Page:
Vernon Subutex was once the proprietor of Revolver, an infamous music shop in Paris, where his name was legend throughout Paris. By the 2000s, however, with the arrival of the internet and the decline in CD and vinyl sales, his shop is struggling, like so many others. When it closes, Subutex finds himself with nowhere to go and nothing to do. Before long, his savings are gone, and when the mysterious rock star who had been covering his rent suddenly drops dead of a drug overdose, Subutex finds himself launched on an epic saga of couch-surfing, boozing, and coke-snorting before finally winding up homeless. Just as he resigns himself to life as a panhandler, a throwaway comment he once made on Facebook takes the internet by storm.
The word is out: Subutex is lugging around a bunch of VHS tapes shot by that same dead rock musician—his last recordings on this earth. Soon a crowd of wild characters, from screen writers to social media groupies, from porn stars to failed musicians to random misfits, are hot on Vernon's trail . . . but Vernon is none the wiser.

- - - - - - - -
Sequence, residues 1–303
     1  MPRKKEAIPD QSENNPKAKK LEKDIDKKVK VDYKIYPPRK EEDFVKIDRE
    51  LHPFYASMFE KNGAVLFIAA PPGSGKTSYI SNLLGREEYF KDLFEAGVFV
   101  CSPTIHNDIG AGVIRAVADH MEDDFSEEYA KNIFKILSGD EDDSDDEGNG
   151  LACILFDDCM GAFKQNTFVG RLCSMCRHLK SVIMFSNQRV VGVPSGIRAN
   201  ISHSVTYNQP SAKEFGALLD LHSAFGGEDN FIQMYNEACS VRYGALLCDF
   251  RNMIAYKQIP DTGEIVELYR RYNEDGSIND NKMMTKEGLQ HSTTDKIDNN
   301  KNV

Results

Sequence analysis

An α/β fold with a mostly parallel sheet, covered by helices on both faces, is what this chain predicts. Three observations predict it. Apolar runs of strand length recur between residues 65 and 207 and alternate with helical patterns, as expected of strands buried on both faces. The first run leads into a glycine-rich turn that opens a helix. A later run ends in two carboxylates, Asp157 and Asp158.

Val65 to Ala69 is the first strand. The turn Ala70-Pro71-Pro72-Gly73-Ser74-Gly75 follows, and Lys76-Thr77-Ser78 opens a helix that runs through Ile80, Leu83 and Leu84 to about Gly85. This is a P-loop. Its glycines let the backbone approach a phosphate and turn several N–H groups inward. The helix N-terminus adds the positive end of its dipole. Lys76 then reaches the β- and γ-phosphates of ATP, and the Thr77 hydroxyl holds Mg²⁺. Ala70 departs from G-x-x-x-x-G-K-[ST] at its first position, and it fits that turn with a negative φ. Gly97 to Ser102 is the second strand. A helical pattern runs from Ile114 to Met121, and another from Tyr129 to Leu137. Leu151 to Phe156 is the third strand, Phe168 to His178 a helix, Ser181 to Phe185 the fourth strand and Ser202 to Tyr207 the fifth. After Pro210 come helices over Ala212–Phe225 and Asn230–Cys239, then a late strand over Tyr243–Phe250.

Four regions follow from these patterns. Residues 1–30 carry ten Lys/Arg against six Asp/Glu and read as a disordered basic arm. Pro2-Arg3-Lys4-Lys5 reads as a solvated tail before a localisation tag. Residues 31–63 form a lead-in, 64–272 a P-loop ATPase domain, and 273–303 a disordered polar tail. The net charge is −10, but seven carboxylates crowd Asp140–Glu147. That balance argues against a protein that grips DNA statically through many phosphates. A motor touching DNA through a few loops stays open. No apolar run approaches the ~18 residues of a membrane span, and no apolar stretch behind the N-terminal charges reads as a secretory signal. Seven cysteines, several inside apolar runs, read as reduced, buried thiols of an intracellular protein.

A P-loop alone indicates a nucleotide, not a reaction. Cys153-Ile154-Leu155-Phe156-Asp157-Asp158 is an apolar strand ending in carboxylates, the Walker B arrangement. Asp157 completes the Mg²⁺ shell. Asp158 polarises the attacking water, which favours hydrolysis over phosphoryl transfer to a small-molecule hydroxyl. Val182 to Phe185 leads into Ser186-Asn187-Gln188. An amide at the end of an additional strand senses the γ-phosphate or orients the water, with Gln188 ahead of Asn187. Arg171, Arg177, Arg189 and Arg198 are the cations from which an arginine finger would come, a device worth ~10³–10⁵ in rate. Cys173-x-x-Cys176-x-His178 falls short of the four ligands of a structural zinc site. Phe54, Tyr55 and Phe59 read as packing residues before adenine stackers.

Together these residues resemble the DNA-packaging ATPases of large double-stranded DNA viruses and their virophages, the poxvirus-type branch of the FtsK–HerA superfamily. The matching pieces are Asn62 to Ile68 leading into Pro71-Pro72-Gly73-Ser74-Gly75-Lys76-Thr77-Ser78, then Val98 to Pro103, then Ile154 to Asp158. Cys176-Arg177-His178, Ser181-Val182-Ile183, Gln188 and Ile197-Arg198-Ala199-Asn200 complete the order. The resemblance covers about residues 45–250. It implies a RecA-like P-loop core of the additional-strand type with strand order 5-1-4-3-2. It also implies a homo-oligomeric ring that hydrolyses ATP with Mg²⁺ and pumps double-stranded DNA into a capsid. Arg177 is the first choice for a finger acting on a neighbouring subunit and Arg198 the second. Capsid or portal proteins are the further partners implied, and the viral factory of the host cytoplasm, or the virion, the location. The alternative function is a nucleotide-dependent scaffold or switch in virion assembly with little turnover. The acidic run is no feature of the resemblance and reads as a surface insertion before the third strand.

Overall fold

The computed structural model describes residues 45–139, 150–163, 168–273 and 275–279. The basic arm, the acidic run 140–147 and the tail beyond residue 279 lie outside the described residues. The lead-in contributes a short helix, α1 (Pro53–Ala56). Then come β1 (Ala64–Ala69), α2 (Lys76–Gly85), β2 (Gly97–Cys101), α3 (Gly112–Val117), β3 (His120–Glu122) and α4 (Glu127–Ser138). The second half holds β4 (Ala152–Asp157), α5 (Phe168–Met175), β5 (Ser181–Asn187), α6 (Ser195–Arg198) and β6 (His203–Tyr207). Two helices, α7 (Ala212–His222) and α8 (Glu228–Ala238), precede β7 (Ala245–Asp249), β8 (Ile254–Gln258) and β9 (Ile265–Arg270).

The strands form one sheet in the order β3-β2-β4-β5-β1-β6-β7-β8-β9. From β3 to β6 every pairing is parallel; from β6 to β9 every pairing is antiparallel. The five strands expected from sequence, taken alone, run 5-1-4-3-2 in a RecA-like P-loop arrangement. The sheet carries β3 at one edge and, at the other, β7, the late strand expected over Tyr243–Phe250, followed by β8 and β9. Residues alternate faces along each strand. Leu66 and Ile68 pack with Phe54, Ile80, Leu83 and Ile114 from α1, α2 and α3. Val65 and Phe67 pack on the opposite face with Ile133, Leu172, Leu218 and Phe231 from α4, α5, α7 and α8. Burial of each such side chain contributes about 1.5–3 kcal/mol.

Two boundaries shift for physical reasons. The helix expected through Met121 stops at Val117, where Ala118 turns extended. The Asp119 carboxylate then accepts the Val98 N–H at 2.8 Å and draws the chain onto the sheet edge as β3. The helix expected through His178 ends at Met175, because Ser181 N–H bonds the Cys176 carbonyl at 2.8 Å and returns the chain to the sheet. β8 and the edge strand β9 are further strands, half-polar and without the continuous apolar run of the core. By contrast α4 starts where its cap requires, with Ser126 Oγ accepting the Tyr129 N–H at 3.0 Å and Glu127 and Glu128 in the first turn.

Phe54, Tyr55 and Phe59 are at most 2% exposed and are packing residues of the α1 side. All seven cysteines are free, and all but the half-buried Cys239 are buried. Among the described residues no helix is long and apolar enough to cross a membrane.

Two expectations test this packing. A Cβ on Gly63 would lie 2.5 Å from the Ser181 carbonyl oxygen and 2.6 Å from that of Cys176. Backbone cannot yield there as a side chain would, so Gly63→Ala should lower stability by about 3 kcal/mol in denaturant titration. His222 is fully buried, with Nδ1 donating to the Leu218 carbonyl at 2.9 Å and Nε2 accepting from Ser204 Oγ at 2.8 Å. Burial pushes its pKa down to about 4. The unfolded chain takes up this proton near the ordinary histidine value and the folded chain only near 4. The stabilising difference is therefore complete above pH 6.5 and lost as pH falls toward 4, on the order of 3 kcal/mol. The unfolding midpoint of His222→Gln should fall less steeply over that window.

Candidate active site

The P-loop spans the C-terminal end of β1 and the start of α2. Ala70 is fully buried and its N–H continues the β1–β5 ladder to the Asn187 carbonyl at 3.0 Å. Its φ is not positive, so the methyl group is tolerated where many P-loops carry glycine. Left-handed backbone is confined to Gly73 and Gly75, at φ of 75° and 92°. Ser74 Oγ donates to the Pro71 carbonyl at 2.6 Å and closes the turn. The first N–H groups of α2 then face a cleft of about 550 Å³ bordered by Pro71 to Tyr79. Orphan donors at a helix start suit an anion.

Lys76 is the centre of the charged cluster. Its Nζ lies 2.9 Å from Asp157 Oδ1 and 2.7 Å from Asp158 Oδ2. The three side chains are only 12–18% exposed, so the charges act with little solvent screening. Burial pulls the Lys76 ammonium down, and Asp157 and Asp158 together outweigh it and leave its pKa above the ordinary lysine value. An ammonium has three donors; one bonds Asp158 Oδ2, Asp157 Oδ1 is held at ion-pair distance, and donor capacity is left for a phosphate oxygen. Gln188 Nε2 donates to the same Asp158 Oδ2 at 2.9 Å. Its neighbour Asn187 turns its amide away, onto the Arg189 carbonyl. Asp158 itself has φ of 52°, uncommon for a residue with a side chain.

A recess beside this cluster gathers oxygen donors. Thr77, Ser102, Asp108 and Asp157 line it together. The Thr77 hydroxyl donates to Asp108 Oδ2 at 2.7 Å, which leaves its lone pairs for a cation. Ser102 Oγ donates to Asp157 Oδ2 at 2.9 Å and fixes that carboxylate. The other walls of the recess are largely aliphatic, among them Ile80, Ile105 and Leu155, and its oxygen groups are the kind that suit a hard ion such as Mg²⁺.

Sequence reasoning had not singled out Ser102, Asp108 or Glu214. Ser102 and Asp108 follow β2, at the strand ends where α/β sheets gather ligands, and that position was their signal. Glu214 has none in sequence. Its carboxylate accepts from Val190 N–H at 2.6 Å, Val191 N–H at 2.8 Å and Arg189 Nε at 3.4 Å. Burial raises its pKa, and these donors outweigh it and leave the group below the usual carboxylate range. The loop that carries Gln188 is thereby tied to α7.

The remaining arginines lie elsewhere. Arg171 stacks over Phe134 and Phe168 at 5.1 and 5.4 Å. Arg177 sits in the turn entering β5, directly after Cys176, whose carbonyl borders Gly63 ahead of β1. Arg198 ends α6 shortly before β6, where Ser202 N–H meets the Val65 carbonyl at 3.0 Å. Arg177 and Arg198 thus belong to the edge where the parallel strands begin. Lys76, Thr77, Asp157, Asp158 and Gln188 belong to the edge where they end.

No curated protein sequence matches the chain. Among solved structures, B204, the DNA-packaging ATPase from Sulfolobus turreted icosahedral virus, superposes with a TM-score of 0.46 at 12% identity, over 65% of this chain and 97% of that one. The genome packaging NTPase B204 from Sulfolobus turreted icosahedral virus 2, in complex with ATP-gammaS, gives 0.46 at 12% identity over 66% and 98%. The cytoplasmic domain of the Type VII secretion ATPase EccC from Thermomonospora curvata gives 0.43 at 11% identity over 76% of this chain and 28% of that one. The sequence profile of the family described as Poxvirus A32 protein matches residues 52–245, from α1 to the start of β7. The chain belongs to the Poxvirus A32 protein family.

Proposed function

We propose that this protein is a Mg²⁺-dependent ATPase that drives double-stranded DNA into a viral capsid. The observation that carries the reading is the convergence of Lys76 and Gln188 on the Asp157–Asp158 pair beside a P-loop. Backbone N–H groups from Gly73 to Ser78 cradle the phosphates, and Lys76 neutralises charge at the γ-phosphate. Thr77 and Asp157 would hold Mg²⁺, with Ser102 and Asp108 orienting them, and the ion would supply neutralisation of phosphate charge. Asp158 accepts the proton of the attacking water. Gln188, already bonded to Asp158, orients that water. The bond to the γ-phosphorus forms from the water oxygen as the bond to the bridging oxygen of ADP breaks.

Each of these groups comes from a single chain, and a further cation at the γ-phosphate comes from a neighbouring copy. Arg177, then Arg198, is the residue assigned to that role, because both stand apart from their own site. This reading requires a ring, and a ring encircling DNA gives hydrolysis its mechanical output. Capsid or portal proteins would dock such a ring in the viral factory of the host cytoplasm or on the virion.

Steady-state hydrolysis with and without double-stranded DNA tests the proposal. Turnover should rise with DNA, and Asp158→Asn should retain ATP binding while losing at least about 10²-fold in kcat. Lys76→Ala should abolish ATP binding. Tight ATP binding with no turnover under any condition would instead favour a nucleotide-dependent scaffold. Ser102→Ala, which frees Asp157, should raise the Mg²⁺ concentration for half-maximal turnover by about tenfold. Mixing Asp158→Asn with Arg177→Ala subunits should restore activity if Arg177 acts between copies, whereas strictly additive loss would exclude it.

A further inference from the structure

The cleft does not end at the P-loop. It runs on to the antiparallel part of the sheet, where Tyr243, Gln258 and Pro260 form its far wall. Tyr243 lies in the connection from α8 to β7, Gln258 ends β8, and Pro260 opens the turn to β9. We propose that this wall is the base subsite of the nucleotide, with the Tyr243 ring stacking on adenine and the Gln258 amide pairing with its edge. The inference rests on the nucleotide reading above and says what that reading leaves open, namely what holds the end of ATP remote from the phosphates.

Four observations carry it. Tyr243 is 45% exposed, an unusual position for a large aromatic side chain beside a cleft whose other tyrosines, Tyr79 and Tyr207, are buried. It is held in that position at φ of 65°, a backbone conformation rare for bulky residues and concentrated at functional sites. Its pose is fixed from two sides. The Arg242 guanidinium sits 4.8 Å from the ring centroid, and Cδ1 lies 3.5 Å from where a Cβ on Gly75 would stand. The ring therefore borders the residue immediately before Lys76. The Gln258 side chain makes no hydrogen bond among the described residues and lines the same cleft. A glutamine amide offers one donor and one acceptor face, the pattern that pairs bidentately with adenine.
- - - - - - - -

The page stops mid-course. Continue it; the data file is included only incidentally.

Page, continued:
"Virginie Despentes's Vernon Subutex trilogy is the zeitgeistiest thing I ever read. Everything about it is contemporary, right down to the fearless woman author who doesn't think of herself as a feminist and gives an impression at least in interviews of habitually killing rapists." —Nell Zink, Bustle, "The Best Books Of The 2010s"